New York City has cleared all indoor pools to reopen for the first time since the coronavirus pandemic shut down indoor athletic facilities in March, another sign that the city is inching its way back to normalcy, albeit one that is still very restricted.
In an announcement on Friday morning, the mayor's office said that indoor pools can reopen on September 30th, but only at 33% of capacity.
"Swimming pools are a community anchor, an exercise center, and an oasis in their neighborhoods—both literally and figuratively," Mayor Bill de Blasio said in a statement. "New Yorkers have worked hard to fight back COVID-19. As transmission rates remain low, we’re proud to offer more ways to slowly return to business as usual.”
The policy, however, will not apply to the city's 12 indoor pools. NYC Recreation Centers, in which the pools are housed, have been used as testing and food distribution sites. The city is also planning to use many of the facilities to provide free childcare for certain children in the city's blended learning program on days when they are assigned remote instruction.
On Friday, a spokesperson for the Parks Department confirmed that the recreation centers—and indoor pools—would remain closed.
Indoor pools across the rest of the state have been open since June, when Governor Andrew Cuomo said all pools could resume operation under safety and social distancing guidelines. Roosevelt Island is home to an indoor pool run by the state and has been operating since August 10th. According to the facility's website, admittance has been free until the fall. The pool is open at 30% capacity, which translates into 38 people at a time. Access to the pool is on a first come first serve basis.
But de Blasio held back the opening of other public and private pools in New York City due to the administration's cautious approach to reopening, and in the case of city pools, budget constraints. The mayor's office eventually decided to reopen 15 outdoor public pools beginning in August.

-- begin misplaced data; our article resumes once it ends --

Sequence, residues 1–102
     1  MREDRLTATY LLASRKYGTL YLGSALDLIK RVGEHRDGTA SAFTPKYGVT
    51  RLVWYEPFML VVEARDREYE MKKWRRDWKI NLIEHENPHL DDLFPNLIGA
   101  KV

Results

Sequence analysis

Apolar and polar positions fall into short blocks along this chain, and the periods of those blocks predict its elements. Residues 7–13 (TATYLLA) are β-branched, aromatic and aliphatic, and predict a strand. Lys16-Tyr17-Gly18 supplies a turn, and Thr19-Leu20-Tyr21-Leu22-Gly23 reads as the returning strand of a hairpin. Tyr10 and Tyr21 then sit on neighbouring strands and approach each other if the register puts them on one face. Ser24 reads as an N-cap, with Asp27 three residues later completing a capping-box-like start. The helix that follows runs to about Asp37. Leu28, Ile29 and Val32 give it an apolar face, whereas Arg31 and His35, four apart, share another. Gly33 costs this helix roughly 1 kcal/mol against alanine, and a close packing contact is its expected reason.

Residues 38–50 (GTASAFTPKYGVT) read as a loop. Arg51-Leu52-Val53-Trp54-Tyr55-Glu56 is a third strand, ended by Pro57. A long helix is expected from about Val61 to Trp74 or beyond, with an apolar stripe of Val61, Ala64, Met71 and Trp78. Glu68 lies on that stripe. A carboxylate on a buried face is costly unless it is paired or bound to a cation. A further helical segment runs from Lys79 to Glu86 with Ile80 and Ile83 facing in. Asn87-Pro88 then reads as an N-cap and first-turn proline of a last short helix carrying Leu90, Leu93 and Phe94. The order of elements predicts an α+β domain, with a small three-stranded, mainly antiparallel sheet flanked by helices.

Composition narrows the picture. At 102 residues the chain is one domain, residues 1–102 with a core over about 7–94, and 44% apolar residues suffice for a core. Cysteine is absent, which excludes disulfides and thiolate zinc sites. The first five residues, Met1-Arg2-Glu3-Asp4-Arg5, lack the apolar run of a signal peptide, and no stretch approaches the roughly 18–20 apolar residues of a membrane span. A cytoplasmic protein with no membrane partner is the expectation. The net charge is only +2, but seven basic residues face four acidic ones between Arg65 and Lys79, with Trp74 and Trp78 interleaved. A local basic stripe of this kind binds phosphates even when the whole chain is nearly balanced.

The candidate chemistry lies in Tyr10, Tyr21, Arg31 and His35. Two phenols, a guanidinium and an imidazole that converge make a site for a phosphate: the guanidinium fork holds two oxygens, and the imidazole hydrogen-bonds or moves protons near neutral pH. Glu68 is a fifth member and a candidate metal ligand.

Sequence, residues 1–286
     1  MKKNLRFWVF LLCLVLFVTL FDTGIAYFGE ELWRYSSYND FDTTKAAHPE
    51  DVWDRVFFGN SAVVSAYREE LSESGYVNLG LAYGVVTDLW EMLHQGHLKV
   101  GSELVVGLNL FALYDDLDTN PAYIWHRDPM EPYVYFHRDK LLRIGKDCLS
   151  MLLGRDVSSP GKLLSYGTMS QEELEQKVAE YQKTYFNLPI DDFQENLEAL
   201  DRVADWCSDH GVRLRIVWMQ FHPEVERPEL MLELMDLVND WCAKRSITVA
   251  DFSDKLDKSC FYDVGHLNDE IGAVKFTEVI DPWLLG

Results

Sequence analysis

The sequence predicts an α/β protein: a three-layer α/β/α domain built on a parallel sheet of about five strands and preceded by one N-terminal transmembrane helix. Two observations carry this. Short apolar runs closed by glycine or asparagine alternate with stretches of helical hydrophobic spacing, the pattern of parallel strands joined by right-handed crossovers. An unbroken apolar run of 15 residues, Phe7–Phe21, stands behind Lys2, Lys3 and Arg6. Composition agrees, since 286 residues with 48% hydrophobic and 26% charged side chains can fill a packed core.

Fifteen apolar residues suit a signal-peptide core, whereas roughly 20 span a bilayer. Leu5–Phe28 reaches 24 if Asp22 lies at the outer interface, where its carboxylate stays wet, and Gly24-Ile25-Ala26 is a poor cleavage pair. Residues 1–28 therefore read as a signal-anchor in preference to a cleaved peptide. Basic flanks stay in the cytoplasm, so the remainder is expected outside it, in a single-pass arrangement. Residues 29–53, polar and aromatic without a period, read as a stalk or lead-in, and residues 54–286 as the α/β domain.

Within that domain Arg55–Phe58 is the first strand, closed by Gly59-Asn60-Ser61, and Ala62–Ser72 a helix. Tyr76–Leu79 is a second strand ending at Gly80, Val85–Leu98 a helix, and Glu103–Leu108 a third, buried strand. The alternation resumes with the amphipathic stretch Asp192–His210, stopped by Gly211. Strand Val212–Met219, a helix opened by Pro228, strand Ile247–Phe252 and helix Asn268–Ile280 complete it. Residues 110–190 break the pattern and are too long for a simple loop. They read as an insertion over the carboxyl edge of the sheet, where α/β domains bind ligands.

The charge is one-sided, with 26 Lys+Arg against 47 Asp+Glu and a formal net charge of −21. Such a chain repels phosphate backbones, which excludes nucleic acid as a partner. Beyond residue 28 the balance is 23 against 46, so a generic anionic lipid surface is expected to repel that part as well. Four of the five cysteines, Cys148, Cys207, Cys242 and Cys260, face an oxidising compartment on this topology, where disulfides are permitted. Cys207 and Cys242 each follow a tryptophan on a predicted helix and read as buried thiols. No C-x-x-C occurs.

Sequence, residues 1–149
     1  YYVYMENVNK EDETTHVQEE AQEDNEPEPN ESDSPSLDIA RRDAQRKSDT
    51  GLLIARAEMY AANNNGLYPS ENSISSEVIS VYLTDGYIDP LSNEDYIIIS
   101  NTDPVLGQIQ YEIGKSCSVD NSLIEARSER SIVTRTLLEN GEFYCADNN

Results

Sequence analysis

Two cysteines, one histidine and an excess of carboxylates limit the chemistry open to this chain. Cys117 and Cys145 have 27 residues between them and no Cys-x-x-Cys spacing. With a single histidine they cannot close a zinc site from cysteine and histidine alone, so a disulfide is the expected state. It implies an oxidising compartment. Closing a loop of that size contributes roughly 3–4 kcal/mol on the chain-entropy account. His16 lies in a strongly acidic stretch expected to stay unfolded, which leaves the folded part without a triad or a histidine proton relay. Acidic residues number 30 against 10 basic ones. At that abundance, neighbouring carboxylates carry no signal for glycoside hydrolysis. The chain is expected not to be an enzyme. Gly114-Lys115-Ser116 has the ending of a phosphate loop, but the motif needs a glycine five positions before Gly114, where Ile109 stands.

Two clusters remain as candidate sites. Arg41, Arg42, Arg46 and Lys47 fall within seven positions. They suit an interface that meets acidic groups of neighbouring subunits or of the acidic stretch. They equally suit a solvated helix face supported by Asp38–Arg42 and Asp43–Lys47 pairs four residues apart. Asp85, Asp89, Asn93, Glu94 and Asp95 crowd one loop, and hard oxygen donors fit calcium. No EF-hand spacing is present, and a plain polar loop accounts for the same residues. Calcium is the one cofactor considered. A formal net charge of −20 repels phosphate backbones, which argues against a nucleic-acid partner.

Gyms were allowed to open in New York City in early September, but pools in gyms remain closed at the time.
Maggy Siegel, the executive director of Asphalt Green, a recreational center with facilities on the Upper East Side and Battery Park City, said city council and state legislators had lobbied City Hall on behalf of indoor pool operators.
She said her members had been asking about the pool incessantly.
"You should see the emails we have," she said. "Nobody understood why the indoor pool couldn't open sooner."
Among health experts the consensus is that outdoor activities are much safer than indoors. But pools have the benefit of chlorine and bromine which inactivate the virus.
"You're swimming in a sea of disinfectant. I think it’s the safest place on earth," Siegel said.
In June, Angela Rasmussen, a virologist at the Columbia University Mailman School of Public Health told the New York Times, “There probably is a theoretical possibility you could get infected by coronavirus from the pool water itself, but it’s so negligible it’s probably effectively zero."
The greater danger lies from being around people who may have the virus.
Asphalt Green will open its indoor pools on October 1st. Under the new health guidelines, swimmers will not be allowed to shower inside the locker room, although they can still change and use the restrooms. Saunas will remain closed.
Masks are required except when inside the pool. Swimmers must also make a reservation first. Slots are 50 minutes each, with 10 minutes in between for cleaners to wipe down surfaces.
Asphalt Green is home to an Olympic-sized indoor pool. Before the pandemic, swimmers would line up in the morning as early as 5:30 a.m. to perform their morning laps before heading off to work.
The center also gives swimming lessons for about 500 children each month.
"This is so important to so many people," Siegel said. "There’s going to be a real lag now in getting these kids to swim."